Home Remedies with Baby Powder

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The absorbing and deodorizing qualities of baby powder not only keep infants dry, but can also come in quite handy around the house. From tackling damaged books to supplementing your stain-fighting power, you may want to become familiar with home remedies using baby powder.

What is Baby Powder?

Baby powder is an astringent powder that works as a diaper rash preventative, deodorizer, and has a place in the world of cosmetics. It is typically comprised of talc (or talcum powder) or cornstarch powder, which offers a coarser grain. When using on babies, the cornstarch type of powder is recommended by doctors and the Academy of American Pediatrics because it is less likely to be inhaled. Talcum powder can be harmful when inhaled since it may cause aspiration pneumonia and other health complications [1].

Baby Powder Home Remedies

There are three different kinds of baby powder that you may have in your house – regular, cornstarch or medicated. Regular baby powder is made from talc, while the cornstarch type has coarser particles. Medicated baby powder contains zinc oxide, which can address irritated and moist health concerns. In addition to treating the body, home remedies using baby powder go beyond addressing your skin. A handful of instances include:

a) Sand Removal:

Sand has a knack for sticking to your skin even after you’ve wiped down your body with a towel. Before getting in a car or entering your house, sprinkle a bit of baby powder over sweaty, sand-covered skin to minimize the number of grains that remain. The baby powder helps by soaking up excess moisture and making the sand much easier to brush off.

b) Cool Summer Sheets:

To prevent the annoyance of hot, sticky sheets in the summertime, sprinkle a bit of baby powder between the sheets before slipping under the covers.

c) Clean Your Dog:

Baby powder can act as a dry shampoo for your pooch. Simply rub a handful or two of the powder vigorously into your pet’s fur. Allow it to settle for a couple of minutes, and then follow up with a thorough brushing. The powder will enhance your dog’s appearance and scent.

d) Absorb Grease:

If you’ve spilled a bit of greasy food on your shirt, treat splatters by dabbing the stain with a bit of baby powder. Rub it in well and then brush off any excess powder. Repeat the process until you see that the stain has disappeared.

e) Fight Bed Bugs:

Some people have tried suffocating bed bugs by sprinkling baby powder on their mattress. The best kind to use will contain talc. You can also treat the cracks in the wall and other holes that the pests may hide or enter your home.

f) Calm Oily Hair:

Just like your pet can benefit from baby powder in their “hair,” so can you. When you’re in a rush and cannot commit to washing and drying your hair – treat dull and oily locks with a sprinkle of baby powder. Leave it in for about five minutes, and then comb the powder through. The powder will absorb excess oil in the scalp and your hair.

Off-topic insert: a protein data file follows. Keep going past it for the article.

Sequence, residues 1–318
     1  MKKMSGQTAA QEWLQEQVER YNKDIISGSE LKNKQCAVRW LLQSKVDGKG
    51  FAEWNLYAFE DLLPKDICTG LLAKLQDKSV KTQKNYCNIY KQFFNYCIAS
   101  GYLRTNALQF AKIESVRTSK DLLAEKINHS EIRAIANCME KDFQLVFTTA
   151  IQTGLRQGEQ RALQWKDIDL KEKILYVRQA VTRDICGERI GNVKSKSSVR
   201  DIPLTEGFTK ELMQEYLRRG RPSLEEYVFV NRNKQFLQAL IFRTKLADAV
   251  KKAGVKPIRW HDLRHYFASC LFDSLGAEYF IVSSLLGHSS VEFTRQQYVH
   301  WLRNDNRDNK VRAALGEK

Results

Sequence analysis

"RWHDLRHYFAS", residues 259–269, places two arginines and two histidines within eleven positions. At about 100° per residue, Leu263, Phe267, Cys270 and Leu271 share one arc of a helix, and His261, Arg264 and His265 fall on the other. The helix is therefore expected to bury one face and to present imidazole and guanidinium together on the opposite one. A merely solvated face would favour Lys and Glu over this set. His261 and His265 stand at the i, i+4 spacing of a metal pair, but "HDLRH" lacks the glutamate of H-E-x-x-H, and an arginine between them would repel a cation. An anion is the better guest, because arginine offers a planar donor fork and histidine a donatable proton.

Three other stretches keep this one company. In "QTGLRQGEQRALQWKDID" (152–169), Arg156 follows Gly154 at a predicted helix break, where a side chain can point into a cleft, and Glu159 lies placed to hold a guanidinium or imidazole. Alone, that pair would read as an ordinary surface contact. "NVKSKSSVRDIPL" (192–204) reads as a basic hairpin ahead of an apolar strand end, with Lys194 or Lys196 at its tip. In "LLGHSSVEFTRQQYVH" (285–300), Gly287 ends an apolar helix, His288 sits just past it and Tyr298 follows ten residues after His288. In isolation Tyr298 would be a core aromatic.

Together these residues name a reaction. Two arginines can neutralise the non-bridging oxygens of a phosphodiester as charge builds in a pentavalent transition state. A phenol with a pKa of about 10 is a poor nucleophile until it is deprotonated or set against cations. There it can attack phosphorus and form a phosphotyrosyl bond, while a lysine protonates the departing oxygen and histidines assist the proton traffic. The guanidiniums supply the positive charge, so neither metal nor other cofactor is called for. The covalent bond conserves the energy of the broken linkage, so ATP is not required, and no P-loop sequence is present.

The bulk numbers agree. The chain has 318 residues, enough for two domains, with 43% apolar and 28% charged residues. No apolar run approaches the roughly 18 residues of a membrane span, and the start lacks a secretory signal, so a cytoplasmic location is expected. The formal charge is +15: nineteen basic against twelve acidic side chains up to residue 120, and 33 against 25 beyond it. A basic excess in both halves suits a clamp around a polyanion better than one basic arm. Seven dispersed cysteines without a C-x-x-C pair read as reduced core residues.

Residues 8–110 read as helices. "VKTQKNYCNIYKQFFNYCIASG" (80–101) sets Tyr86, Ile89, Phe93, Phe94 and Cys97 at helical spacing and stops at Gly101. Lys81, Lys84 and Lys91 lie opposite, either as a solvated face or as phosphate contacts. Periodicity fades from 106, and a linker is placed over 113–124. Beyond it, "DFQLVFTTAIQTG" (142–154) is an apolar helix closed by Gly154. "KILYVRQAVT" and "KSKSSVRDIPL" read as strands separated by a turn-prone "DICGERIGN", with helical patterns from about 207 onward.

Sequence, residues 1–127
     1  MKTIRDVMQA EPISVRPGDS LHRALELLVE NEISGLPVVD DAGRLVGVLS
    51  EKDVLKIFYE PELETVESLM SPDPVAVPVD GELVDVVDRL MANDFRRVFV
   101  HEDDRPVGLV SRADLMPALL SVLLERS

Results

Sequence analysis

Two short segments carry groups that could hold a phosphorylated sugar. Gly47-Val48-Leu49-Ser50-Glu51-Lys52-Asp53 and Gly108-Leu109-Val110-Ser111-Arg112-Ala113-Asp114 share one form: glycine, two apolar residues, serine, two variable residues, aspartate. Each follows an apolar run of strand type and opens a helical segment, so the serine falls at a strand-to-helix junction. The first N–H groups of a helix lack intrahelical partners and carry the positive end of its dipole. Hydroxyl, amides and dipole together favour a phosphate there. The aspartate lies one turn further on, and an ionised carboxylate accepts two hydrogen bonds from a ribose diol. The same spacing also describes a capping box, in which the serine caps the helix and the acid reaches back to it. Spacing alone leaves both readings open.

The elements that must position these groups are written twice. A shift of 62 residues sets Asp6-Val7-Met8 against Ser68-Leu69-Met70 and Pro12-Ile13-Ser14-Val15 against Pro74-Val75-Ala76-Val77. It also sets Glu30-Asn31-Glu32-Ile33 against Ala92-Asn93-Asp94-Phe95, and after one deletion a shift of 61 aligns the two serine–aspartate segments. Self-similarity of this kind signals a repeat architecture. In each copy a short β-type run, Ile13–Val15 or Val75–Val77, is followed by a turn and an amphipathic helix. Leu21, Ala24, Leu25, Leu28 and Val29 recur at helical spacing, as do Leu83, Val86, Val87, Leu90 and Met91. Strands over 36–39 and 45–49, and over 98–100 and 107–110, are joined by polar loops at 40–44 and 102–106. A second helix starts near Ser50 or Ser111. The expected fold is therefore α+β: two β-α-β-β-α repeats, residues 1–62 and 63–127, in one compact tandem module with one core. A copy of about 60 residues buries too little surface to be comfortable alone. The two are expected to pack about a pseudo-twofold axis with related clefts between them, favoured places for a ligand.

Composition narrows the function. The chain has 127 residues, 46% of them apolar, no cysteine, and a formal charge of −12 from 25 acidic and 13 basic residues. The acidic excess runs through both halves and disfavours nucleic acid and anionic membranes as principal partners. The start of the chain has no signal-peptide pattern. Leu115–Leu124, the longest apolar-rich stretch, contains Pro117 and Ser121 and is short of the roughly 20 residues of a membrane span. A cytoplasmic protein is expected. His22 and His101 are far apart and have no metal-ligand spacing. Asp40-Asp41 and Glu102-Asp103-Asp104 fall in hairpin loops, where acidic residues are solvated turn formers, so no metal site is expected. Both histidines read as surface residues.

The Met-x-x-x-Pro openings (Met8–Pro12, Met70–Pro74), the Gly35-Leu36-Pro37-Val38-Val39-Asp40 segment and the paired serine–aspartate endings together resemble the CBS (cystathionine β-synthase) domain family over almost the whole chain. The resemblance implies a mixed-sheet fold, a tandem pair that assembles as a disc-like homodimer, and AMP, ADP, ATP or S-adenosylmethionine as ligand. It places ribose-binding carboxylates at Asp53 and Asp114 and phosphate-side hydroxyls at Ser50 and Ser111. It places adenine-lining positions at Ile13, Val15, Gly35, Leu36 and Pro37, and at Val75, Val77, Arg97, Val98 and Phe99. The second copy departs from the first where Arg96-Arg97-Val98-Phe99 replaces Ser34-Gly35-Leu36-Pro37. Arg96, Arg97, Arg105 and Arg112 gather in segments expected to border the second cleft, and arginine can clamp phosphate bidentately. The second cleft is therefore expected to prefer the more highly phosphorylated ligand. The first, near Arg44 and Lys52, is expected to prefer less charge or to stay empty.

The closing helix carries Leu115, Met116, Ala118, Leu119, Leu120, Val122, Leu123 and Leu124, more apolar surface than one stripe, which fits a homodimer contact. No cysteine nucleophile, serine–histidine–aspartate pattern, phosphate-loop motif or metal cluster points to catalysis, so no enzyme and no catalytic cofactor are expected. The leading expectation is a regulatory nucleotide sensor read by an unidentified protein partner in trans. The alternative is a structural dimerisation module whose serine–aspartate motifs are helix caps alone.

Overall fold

g) Kill Ants:

Ants are no fans of baby powder (especially when it is scented), so sprinkling the powder directly on the house pests will cause them to scatter.

h) Clean Your Cards:

To prevent playing cards from sticking to one another, loosely place the cards in a plastic bag with a bit of baby powder. Seal the bag and give it a couple of good shakes. When you remove the cards, they should have a revamped feel to them.

i) Treat Your Books:

To rejuvenate moldy or mildewed books, let them air dry before sprinkling a bit of baby powder between the pages. Stand the books upright for several hours. Afterward, gently brush out the remaining powder from each book.

j) Putting on Rubber Gloves:

Sometimes, it’s a real pain to put on rubber gloves when you have a bit of dirty work to do. However, make things much easier when you lightly dust your fingers with baby powder. This approach will make it less difficult to put on your rubber gloves.

k) Garden Help [2]:

Before planting your flower bulbs, a light dusting of medicated baby powder can help reduce the risk of rot. Place five to six bulbs in a sealed plastic bag with three tablespoons of the powder. Gently shake the bag a couple of times. This method will also repel moles, grubs, voles, and other pests that like to eat bulbs.

l) Bed Sores

Bed sores need to be protected as a sufferer is moved around. Friction with other objects and even the own patient’s skin can cause discomfort. See our how to get rid of bed sores guide for more information besides using baby powder for bed sores.


[1] http://www.babycenter.com/406_is-it-safe-to-use-baby-powder-on-my-baby_1519559.bc
[2] Extraordinary Uses for Ordinary Things by Reader’s Digest; pg. 60.